WAZIPOINT Engineering Science & Technology: Why Does Transformer Impedance Descrive in Percentage?

Sunday, February 26, 2023

Why Does Transformer Impedance Descrive in Percentage?

Transformer Impedance Descrives in Percentage
Fig-A Typical Transformer

Describe Why Does Transformer Impedance  Measured in Percentage

The rated impedance of a transformer is the voltage drop on full load because of the winding obstruction and spillage reactance communicated as a level of the evaluated voltage.

It is additionally the level of the typical terminal voltage at one side required to flow full-stack current under short out conditions on the opposite side.

The impedance of a transformer majorly affects framework blame dimensions. It decides the most extreme estimation of current that will stream under blame conditions. 

It is anything but difficult to compute the most extreme current that a transformer can convey under symmetrical blame conditions. By the method, for instance, consider a 2 MVA transformer with an impedance of 5%. The most extreme blame dimension accessible on the auxiliary side is: 

2 MVA x 100/5 = 40 MVA 

also, from this figure, the proportional essential and auxiliary blame flows can be determined. 

A transformer with a lower impedance will prompt a higher blame dimension (and the other way around). 

The figure determined above is the most extreme. Practically speaking, the real blame dimension will be decreased by the source impedance, the impedance of links and overhead lines between the transformer and the blame, and the blame impedance itself.

How do I calculate the impedance of the transformer?

We have a Short circuit test to determine the transformer's impedance. 

For this, the low voltage side of the transformer is short-circuited, and an autotransformer and voltmeter are associated with the higher voltage side. 

An ammeter is associated with the lower voltage side(short-circuited side). 

At first, the autotransformer is giving ZERO voltage. 

Presently voltage is expanded bit by bit. 

The ammeter in the auxiliary side ( Low voltage side for our situation) will detect some current. Presently voltage is expanded by changing the autotransformer till the ammeter on the opposite side demonstrates the typical full load current. 

Presently this is where we can compute the impedance. 

Let us have a model.- 

Transformer rating 10 KVA 

Single-stage essential voltage-480 V. 

Auxiliary voltage - 240 V 

Full load current - (10 kVA X 1000)/(240 V)- 41.67 A 

Presently the investigation Assume the essential voltage infused is 24 V at which the ammeter peruses 41.7 A (Transformer full load current). 

Impedance is proportion of 24 V to 480 V, 

i.e. Impedance Z = 24/480 =0.05. 

Be that as it may, the impedance of the transformer is communicated in %, 
So the % impedance is 0.05 X 100 =5%.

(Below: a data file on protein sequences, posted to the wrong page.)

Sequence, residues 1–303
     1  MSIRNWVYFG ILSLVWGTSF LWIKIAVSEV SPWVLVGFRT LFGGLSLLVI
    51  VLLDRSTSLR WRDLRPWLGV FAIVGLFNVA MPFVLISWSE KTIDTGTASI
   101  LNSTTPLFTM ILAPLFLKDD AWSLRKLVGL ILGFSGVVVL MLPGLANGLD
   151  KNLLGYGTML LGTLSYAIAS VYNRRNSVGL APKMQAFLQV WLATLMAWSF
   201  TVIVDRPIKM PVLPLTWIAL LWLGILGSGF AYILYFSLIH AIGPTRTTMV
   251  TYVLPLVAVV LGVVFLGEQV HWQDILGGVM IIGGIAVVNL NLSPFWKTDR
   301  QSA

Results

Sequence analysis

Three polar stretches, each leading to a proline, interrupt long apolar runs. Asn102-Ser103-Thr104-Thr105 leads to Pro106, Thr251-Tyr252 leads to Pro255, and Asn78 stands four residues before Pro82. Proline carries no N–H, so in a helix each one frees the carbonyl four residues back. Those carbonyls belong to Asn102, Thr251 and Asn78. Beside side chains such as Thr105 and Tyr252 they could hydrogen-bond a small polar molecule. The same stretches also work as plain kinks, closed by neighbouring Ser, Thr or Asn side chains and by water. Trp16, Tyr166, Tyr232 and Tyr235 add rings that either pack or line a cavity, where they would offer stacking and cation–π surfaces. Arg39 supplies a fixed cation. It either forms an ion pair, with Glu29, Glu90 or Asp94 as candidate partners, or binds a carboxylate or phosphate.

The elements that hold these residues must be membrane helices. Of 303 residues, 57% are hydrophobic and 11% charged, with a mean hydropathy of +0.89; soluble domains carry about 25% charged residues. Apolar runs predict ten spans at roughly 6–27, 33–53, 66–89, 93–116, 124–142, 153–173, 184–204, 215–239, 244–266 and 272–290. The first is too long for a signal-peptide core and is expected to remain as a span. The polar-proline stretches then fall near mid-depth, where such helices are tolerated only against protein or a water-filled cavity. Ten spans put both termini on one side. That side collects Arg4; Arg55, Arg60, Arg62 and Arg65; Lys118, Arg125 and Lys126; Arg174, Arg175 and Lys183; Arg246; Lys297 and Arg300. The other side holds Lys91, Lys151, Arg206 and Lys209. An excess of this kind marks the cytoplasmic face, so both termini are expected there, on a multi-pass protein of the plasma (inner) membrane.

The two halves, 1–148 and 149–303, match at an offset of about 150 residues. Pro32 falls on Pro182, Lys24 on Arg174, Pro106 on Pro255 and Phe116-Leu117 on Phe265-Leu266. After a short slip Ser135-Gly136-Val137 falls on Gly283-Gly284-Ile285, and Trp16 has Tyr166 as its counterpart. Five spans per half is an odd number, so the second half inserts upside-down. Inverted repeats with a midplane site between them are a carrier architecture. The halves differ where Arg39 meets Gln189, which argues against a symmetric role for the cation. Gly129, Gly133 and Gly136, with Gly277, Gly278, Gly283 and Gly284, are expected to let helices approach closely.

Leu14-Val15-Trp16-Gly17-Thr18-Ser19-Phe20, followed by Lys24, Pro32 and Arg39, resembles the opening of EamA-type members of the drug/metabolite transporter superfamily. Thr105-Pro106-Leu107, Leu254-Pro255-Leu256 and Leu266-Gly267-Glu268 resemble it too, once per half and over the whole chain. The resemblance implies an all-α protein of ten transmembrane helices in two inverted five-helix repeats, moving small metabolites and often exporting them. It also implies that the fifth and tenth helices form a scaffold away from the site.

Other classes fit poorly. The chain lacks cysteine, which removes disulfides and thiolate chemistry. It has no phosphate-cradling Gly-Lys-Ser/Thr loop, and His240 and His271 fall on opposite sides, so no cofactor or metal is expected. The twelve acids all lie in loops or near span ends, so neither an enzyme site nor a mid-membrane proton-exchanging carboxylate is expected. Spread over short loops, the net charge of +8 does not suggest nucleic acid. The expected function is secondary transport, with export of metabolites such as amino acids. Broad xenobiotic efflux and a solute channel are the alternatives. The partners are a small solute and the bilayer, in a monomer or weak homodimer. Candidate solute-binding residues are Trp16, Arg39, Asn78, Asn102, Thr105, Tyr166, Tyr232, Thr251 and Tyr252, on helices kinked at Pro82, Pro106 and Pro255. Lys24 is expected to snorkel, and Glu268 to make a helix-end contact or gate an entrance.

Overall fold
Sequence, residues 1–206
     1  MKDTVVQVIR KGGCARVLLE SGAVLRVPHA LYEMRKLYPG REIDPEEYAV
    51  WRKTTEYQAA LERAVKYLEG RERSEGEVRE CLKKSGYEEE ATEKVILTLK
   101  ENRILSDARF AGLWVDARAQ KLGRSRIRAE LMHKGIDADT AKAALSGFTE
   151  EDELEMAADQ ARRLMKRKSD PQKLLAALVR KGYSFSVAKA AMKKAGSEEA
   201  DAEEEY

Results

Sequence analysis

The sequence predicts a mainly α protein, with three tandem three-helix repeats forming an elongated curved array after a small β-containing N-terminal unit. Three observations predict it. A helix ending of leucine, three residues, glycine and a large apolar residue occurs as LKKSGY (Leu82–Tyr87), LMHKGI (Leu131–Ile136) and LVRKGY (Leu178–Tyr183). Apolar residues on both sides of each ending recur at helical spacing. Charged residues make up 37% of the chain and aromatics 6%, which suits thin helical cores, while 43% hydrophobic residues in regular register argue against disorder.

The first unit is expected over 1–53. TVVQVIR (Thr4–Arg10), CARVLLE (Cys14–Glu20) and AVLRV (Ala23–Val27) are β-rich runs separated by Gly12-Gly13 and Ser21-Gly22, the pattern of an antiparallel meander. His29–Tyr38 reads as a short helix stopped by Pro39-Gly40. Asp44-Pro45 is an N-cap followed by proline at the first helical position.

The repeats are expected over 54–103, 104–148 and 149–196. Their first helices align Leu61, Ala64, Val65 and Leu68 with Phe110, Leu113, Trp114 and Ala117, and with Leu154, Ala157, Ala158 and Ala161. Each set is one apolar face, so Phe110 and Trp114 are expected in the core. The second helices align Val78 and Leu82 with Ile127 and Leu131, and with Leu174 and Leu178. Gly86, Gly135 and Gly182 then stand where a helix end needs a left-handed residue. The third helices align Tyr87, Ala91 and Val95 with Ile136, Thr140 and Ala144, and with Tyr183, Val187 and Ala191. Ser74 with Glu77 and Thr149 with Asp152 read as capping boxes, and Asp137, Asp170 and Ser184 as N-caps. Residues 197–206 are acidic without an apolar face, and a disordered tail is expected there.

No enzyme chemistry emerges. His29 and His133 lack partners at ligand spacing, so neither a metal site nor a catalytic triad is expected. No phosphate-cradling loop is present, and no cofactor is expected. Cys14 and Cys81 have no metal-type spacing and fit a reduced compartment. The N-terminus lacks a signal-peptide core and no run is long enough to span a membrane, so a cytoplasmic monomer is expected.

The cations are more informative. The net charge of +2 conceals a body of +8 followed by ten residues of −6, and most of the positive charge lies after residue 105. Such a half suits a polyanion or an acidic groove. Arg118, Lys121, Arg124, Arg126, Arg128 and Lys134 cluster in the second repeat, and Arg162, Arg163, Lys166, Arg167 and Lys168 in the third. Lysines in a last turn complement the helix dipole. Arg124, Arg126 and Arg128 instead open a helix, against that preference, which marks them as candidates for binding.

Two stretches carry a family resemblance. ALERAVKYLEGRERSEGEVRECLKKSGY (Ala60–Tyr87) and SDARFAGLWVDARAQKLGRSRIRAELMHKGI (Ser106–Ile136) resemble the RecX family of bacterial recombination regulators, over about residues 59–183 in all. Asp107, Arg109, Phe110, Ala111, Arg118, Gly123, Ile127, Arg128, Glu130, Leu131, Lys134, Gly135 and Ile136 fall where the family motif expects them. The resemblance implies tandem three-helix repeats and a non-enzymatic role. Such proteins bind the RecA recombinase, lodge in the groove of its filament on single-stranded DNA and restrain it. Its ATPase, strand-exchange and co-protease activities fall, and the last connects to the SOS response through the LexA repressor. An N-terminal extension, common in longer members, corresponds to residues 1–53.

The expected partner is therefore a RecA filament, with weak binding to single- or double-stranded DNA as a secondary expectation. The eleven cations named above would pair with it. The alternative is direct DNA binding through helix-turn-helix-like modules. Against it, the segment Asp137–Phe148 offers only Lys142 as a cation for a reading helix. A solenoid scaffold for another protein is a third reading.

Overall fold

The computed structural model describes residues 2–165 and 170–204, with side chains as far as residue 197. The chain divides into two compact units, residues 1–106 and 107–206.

What is the significance of the percentage impedance of a Transformer?

Increasing the percentage or % Z impedance reduces the short circuit current and;

A high Value of percentage impedance or %Z causes more voltage drop and poor voltage regulation. Finally, the transformer delivers less efficiency;

The %Z is used to design protection switchgear. Typically, it is used to calculate the maximum level of fault current. So that, we can design a switch gear to withstand that maximum level of fault current.

You may know the details about the electrical transformer from the following articles:

  1. Working Principle of Transformer;
  2. Transformer Construction;
  3. Core-type Transformers;
  4. Shell-type Transformers;
  5. Elementary Theory of an Ideal Transformer;
  6. E.M.F. Equation of Transformer;
  7. Voltage Transformation Ratio;
  8. Transformer with losses but no Magnetic Leakage;
  9. Transformer on No-load;
  10. Transformer on Load;
  11. Transformer with Winding Resistance but no Magnetic Leakage;
  12. Equivalent Resistance;
  13. Magnetic Leakage;
  14. Transformer with Resistance and Leakage Reactance;
  15. Simplified Diagram;
  16. Total Approximate Voltage Drop in Transformer;
  17. Exact Voltage Drop;
  18. Equivalent Circuit Transformer Tests;
  19. Open-circuit or No-load Test;
  20. Separation of Core Losses;
  21. Short-Circuit or Impedance Test;
  22. Why Transformer Rating in KVA?;
  23. Regulation of a Transformer;
  24. Percentage Resistance, Reactance, and Impedance;
  25. Kapp Regulation Diagram;
  26. Sumpner or Back-to-back-Test;
  27. The efficiency of a Transformer;
  28. Condition for Maximum Efficiency;
  29. Variation of Efficiency with Power Factor;
  30. All-day Efficiency;
  31. Auto-transformer;
  32. Conversion of 2-Winding Transformer into Auto-transformer;
  33. Parallel Operation of Single-phase Transformers;
  34. Questions and Answers on Transformers;
  35. Three-phase Transformers;
  36. Three-phase Transformer Connections;
  37. Star/Star or Y/Y Connection;
  38. Delta-Delta or ∆/∆ Connection;
  39. Wye/Delta or Y/ Connection;
  40. Delta/Wye or ∆/Y Connection;
  41. Open-Delta or V-V Connection;
  42. Power Supplied by V-V Bank;
  43. Scott Connection or T-T Connection;
  44. Three-phase to Two-Phase Conversion and vice-versa;
  45. Parallel Operation of 3-phase Transformers;
  46. Instrument Transformers;
  47. Current Transformers;
  48. Potential or Voltage Transformers.

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